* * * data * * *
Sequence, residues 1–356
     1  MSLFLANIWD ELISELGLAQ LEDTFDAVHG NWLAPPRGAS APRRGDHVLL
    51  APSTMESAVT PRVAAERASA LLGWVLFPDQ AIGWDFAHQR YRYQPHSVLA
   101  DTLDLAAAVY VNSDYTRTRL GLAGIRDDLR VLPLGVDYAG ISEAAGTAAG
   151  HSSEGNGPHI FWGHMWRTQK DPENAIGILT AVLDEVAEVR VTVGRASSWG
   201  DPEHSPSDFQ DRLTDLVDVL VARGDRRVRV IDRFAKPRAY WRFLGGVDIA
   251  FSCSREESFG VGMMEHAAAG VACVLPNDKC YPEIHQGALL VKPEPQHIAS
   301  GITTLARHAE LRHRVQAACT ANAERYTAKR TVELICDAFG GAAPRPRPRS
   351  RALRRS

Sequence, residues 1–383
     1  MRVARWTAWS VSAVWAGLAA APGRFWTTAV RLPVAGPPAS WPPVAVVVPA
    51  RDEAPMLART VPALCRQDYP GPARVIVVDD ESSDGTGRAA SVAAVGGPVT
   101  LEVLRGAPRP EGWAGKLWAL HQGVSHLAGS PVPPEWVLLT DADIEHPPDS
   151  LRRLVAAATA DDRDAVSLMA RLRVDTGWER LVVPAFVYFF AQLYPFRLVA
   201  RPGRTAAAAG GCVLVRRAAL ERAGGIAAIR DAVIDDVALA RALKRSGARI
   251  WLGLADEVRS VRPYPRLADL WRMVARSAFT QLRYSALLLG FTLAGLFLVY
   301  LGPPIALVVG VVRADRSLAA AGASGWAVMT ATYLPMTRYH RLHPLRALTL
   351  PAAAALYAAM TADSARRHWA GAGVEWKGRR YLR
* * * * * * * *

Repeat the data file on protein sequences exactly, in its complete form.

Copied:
Sequence, residues 1–356
     1  MSLFLANIWD ELISELGLAQ LEDTFDAVHG NWLAPPRGAS APRRGDHVLL
    51  APSTMESAVT PRVAAERASA LLGWVLFPDQ AIGWDFAHQR YRYQPHSVLA
   101  DTLDLAAAVY VNSDYTRTRL GLAGIRDDLR VLPLGVDYAG ISEAAGTAAG
   151  HSSEGNGPHI FWGHMWRTQK DPENAIGILT AVLDEVAEVR VTVGRASSWG
   201  DPEHSPSDFQ DRLTDLVDVL VARGDRRVRV IDRFAKPRAY WRFLGGVDIA
   251  FSCSREESFG VGMMEHAAAG VACVLPNDKC YPEIHQGALL VKPEPQHIAS
   301  GITTLARHAE LRHRVQAACT ANAERYTAKR TVELICDAFG GAAPRPRPRS
   351  RALRRS

Sequence, residues 1–383
     1  MRVARWTAWS VSAVWAGLAA APGRFWTTAV RLPVAGPPAS WPPVAVVVPA
    51  RDEAPMLART VPALCRQDYP GPARVIVVDD ESSDGTGRAA SVAAVGGPVT
   101  LEVLRGAPRP EGWAGKLWAL HQGVSHLAGS PVPPEWVLLT DADIEHPPDS
   151  LRRLVAAATA DDRDAVSLMA RLRVDTGWER LVVPAFVYFF AQLYPFRLVA
   201  RPGRTAAAAG GCVLVRRAAL ERAGGIAAIR DAVIDDVALA RALKRSGARI
   251  WLGLADEVRS VRPYPRLADL WRMVARSAFT QLRYSALLLG FTLAGLFLVY
   301  LGPPIALVVG VVRADRSLAA AGASGWAVMT ATYLPMTRYH RLHPLRALTL
   351  PAAAALYAAM TADSARRHWA GAGVEWKGRR YLR